As we look at passages of scripture, one of the things that is helpful to do is to discern whether something is descriptive or prescriptive. So let’s dig into that a little bit. A descriptive passage of scripture is one that has recorded important events. It is a historical account that we can learn from, but isn’t really meant to be applied exactly as it happened outside of that specific context. A prescriptive passage of scripture is one that provides guidance towards what is, good, right, and beneficial. This should be considered within its original context and then be explored for how the readers are being guided to apply it in their own context.
Some passages of scripture are both descriptive and prescriptive. While others are clearly one or the other. Here in the Great Commission, we should consider whether Jesus’ words were only for His 11 remaining disciples or whether they were meant to extend beyond them. Did Jesus expect those 11 men to make disciples of all nations, baptize them and teach them to observe all He commanded? Even considering the slightly smaller size of the known world at that time, it would have taken many lifetimes for those 11 men to try to reach all of Europe, Asia, the Middle East, and Africa. Thus, it makes much more sense that the Great Commission is prescriptive and that Jesus was giving His disciples the model to expand and grow this Kingdom of Heaven that he had come to establish. Because 11 disciples were to make disciples, make sure they were baptized, and then teach them to observe all He commanded them. Then those new disciples were to go make disciples, make sure they’re baptized, and then teach them to observe all that He commanded His original disciples. It was a prescriptive solution to make disciples of all the nations.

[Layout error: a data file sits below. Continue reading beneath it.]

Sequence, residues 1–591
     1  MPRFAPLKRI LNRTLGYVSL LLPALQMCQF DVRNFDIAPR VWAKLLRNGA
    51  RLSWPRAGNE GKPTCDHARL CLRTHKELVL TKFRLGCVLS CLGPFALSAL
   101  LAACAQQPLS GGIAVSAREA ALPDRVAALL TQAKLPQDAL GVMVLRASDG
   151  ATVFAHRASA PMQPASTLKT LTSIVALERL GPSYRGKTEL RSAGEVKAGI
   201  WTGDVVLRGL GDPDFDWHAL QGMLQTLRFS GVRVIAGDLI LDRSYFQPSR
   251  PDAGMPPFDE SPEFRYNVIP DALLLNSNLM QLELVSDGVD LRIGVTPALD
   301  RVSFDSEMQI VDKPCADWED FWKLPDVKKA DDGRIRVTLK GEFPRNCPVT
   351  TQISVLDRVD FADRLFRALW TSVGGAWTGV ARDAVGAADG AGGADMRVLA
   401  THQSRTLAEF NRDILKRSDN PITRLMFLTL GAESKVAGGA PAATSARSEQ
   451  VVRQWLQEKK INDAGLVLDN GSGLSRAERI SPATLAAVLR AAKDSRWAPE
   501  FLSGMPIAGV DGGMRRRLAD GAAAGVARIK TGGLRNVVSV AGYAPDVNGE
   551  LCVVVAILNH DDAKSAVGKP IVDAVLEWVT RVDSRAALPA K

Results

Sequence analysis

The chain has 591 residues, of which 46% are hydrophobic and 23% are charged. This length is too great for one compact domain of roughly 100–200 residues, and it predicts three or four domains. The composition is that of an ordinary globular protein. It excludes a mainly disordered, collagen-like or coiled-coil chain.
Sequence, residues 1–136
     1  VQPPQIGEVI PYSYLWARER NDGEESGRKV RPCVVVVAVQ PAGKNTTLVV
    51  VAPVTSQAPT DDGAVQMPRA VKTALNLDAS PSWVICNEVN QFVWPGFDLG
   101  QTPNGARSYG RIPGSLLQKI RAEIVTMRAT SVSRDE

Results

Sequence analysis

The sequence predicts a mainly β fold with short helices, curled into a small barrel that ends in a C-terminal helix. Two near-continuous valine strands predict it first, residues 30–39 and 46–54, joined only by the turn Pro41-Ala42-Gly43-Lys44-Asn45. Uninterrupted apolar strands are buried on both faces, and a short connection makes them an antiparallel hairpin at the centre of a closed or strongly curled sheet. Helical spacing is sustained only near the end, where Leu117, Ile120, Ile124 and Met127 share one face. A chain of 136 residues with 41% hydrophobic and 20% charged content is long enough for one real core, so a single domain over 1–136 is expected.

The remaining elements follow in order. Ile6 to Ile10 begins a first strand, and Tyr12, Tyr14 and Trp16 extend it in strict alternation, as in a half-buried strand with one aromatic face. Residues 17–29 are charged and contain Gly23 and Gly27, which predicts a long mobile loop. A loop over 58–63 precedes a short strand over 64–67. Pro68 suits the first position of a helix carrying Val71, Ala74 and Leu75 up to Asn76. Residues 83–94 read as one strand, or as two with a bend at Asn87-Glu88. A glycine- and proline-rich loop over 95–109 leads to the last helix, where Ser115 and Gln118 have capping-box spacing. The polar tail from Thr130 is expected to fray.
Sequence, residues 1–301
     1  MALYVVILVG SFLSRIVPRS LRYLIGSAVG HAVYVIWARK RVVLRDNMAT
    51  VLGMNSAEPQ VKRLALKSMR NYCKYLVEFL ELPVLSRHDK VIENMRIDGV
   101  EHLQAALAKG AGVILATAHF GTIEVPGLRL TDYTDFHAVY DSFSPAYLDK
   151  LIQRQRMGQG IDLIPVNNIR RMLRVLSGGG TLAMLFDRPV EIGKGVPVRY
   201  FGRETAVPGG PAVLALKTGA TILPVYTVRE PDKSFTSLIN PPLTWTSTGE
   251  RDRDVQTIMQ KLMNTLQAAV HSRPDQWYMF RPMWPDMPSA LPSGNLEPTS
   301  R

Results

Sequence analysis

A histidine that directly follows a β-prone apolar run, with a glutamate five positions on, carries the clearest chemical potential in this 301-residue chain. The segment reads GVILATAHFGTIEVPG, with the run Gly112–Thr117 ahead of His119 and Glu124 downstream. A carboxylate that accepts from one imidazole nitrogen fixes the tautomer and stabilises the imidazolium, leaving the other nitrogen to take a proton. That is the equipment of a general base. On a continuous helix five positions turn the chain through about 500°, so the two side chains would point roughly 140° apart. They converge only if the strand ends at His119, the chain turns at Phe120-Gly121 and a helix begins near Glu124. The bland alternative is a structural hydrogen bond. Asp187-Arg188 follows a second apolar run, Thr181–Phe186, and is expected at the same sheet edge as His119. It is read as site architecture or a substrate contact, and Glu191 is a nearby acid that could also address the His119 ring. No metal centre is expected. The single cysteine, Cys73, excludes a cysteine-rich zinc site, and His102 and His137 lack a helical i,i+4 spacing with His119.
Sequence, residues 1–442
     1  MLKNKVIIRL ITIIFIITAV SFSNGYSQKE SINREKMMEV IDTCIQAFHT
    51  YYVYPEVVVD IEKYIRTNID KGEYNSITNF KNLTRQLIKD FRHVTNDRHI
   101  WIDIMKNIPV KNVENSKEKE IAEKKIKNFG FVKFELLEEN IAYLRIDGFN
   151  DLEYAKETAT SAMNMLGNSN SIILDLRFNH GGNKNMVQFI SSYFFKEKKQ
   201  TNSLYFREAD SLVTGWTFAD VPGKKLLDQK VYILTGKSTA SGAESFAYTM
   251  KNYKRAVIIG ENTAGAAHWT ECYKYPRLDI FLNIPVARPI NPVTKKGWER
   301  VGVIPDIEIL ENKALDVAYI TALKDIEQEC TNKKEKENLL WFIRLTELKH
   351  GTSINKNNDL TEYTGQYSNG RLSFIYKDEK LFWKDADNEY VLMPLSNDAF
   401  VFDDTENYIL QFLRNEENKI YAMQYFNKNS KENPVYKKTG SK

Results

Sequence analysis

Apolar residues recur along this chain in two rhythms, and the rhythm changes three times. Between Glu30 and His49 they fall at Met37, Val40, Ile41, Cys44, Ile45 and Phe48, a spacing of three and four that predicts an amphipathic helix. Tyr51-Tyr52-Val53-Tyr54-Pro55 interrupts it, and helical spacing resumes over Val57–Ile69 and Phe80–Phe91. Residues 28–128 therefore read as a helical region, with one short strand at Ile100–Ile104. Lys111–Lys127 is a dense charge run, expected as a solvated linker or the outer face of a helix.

So part of learning to be a disciple is learning how to make disciples. A large part of that is teaching people to observe what Jesus commanded. Thankfully, Jesus’s words were carefully passed on and recorded by his disciples and early followers. As disciples, we are called to teach to others Jesus’ words and how to observe them. Those of us who know our Bibles well might say, “But what about James 3:1?” Aah, yes. James 3:1. James 3:1 says, “Not many of you should become teachers, my brothers, for you know that we who teach will be judged with greater strictness.” Ooh. Talk about the opposite of recruiting.
This is where study and careful reading come into play. James was Jesus’ half-brother, same mother, Mary, but James was fathered by Joseph, whereas Jesus was conceived by the Holy Spirit. Thus, fathered by God. James wrote this letter as one of the key leaders of the Christian Church in Jerusalem. He was writing to believers who were amongst the dispersed tribes of Israel. They were living all over the place with varying degrees of access to direct disciples. James wrote to help guide them and how best to observe what Jesus taught to and through His disciples. Most scholars seem to agree that James was not trying to dissuade people from making disciples and teaching the observance of Jesus’ teaching. However, he was trying to reduce the number of people who were putting themselves forward, as teachers like Paul, but lacked the training and maturity that Paul had in order to teach rightly.